“That fatal knife, Deep questioning,
Which probes to endless dole.” – Meredith.
Mysterious were the meandering ways whereby Dogg was often led to discoveries concerning the human nature. And the materialities of communication made matters much more complicated.
Relationships. Do they begin with the personal or the impersonal, with the locking together of two pairs of eyes or an e-mail? Where does the personal begin and how does it end in the void, the impersonal?
Dogg felt that the new materialities of communication were impersonal. Using them, however, he would find himself drawn into the realm of the personal. Then, he was not so sure which side was up and which side down.
The restaurant was called Koshy’s.
It played the role of a cafe for Bangalore’s burgeoning tribe of businessmen, intellectuals, artists, theatre-folk, journalists, software engineers, film-makers, other assorted rascals and the like. The coffee, beer and liquor served, combined with the palatable, sometimes even interesting, menu ensured that the place was mostly crowded, buzzing with conversations and full of cigarette smoke.
Dogg didn’t mind the place, but then he wasn’t there to savor the Old World decor, the near-antique chairs, the stylish folks. He was there for a purpose.
Seven months ago he had sat with some journalist friends of his at this very same table. A waiter had laid a chequered cloth, pink and white, upon it and they were drinking beer.
B. was holding forth on the NATO offensive in Kosovo against the Serbs.
“We need to organise protests against this blatant interference by the Big Western Powers in the life of tiny independent states,” she said. An anchorwoman for a leading TV news show, she was passionate in the cause of democracy, human rights and anti-imperialism.
“Fuck it all,’’ Dogg thought.
Her husband, a clinical psychologist, sat listening and dropping intelligent comments about the situations she kept talking about.
Intelligent conversation bored Dogg who, of course, had a different kind of intelligence working under his skin, the animal kind.
Dogg had to sit through it all. He was in a difficult situation.
He was unhappy with his job as a journalist. He was working 15 hours a day for his newspaper that was caught up in a do-or-die circulation war with an upcoming sensationalist newspaper. He was thinking of changing jobs and there was an offer before him to join as faculty in a school of art, design and technology.
His friends were sympathetic, even helpful. But his mind was elsewhere, on the pain of his struggle, the absurdity of choice, the family he had left behind and the beer buzzing inside his head.
In Koshy’s, most people know one another. And those who were unknown came in there in the hope of meeting the known and becoming known in turn.
A film director and his retinue occupied the next table and pleasantries began to be exchanged. Dogg noticed the young woman with the director. She had pale skin and her hair was cut short in the contemporary fashion. Her nose was patrician. She was tall, long-legged and had sensual, thin, even cruel lips.
She reminded him of S.
S. had sent him email shortly after they had become close friends saying: “I have to let you go because I can’t have you for myself. I have to think of my marriage. I am selfish, am I not? But I will continue to love you like I have always loved you and long for you as I have always longed for you.”
As soon as he received the email, he rang her up. In that instant he loved telecommunication technology and one of its simpler devices, the telephone, more than women. Now he could turn the personal into the impersonal and become just a ghostly voice echoing down the wires.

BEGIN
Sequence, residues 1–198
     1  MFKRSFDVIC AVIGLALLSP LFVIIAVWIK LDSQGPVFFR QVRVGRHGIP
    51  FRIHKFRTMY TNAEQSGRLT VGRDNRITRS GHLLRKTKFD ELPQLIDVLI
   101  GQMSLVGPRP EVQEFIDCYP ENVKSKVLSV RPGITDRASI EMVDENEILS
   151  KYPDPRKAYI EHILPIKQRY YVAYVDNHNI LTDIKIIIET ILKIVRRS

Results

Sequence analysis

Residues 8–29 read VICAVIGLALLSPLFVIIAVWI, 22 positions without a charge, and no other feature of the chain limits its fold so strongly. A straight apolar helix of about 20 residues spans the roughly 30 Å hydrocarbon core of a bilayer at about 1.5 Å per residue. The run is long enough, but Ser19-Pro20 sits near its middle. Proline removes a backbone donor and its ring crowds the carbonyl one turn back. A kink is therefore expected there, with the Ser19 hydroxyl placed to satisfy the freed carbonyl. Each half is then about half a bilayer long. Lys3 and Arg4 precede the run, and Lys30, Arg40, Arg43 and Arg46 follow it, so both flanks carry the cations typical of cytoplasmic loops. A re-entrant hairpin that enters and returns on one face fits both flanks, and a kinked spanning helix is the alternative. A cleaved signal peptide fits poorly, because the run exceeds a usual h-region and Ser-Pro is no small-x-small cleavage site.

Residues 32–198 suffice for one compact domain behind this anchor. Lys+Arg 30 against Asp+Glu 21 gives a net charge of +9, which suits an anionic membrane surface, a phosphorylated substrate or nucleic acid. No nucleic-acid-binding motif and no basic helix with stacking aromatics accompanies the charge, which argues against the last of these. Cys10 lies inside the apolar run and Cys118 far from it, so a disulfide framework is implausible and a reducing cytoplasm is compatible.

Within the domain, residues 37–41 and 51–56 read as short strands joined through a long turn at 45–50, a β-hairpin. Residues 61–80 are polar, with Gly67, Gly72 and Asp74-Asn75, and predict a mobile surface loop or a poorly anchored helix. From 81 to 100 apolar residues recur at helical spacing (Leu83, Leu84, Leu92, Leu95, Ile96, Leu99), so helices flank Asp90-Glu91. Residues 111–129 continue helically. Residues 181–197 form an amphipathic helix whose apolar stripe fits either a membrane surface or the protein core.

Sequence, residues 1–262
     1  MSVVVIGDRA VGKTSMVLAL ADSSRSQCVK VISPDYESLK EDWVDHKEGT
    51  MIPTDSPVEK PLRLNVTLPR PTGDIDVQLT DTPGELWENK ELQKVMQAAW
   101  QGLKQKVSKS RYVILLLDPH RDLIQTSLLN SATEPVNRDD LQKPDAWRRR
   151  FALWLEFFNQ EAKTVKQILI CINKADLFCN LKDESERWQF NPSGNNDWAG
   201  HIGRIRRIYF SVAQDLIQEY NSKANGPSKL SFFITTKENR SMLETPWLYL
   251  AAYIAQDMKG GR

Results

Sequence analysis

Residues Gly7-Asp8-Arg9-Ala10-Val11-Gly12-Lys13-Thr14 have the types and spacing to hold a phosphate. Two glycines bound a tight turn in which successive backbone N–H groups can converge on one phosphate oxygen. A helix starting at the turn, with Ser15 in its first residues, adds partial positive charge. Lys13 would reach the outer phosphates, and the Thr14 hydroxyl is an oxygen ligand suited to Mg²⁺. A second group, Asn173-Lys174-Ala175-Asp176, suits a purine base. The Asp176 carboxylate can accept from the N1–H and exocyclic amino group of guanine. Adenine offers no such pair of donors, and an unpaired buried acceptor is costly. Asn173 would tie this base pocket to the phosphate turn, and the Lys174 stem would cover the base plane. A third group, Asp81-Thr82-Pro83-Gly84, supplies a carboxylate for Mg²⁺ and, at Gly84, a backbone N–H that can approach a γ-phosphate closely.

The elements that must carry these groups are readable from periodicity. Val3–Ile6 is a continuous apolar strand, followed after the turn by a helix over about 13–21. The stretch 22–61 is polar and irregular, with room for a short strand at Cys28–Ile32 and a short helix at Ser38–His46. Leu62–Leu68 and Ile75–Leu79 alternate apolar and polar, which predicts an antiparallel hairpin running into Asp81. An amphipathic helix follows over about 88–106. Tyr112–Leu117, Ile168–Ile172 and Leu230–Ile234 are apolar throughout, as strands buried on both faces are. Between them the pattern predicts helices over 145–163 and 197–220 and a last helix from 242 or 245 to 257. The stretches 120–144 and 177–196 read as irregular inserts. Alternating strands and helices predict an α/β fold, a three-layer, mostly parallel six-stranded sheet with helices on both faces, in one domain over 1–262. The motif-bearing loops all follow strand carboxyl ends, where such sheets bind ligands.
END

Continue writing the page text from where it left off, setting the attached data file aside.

S. worked in another local newspaper.
“You will never hear from me again. Consider me dead. There is no use in telling you anything anymore, is there? You cannot understand,” he raved in his hurt. S. had often claimed she loved him intensely. But recently she had been systematically tormenting him, treating him like a pariah dog, putting distance.
“Why are you calling me here at work?” she asked.
Was there a trace of anger or was it agony in her voice?
Perhaps she had hoped that he would meet her one last time. Perhaps she wanted to be gentle with him one last time and try to convince him of the futility of their relationship.
He was not going to allow that.
He did not want sympathy or pity, not from one who had tortured him when he was bleeding and limping along.
He was Dogg, the stray who could survive the stones hurled at him by street children.
“I want to tell you that I can’t bear being hurt anymore, I can’t let you hurt me anymore. Consider me dead. Your problems are over,” Dogg said wearily and put the phone down.
“Broken hearts are for assholes, broken hearts are for assholes,’ the Frank Zappa refrain hummed in his head.
When Dogg looked at that other young woman in Koshy’s, it was S. whose face and features swam into mind through the beer’s haze.
Maybe it had nothing to do with S. or A., the girl with the film-director.
Maybe it had to do with a particular form he had in his mind, a form he was obsessed with.
Every time he encountered that form, something in him recorded the occurrence and a desire welled up in his heart to know, explore and experience it.
Now who could A. be? A. for Anybody. A. for Asshole? And S.? S for Serpent. S. for Schemer.
B. introduced A. to him.
She smiled. It was a warm and wide smile, her even white teeth glowing. She smiles like S., he thought to himself.
Another Sunshine Girl who would bring clouds into his life? No more.
“And what do you do?” B. asked A.
“Well, we are just readying for the launch of this web zine for women,” A. replied.
And then she made her cardinal, unintelligent mistake.
“It’s not like we are feminists, we like men too,” she said.
B. sneered. “Of course, you don’t have to be apologetic. We feminists like men too,” B. said, sarcasm dripping from her every pore.
A. turned pale, as a 22-year-old does in the face of an older, experienced woman who has seen the world, made a name for herself and didn’t pull any punches. A. remained silent for the rest of the evening.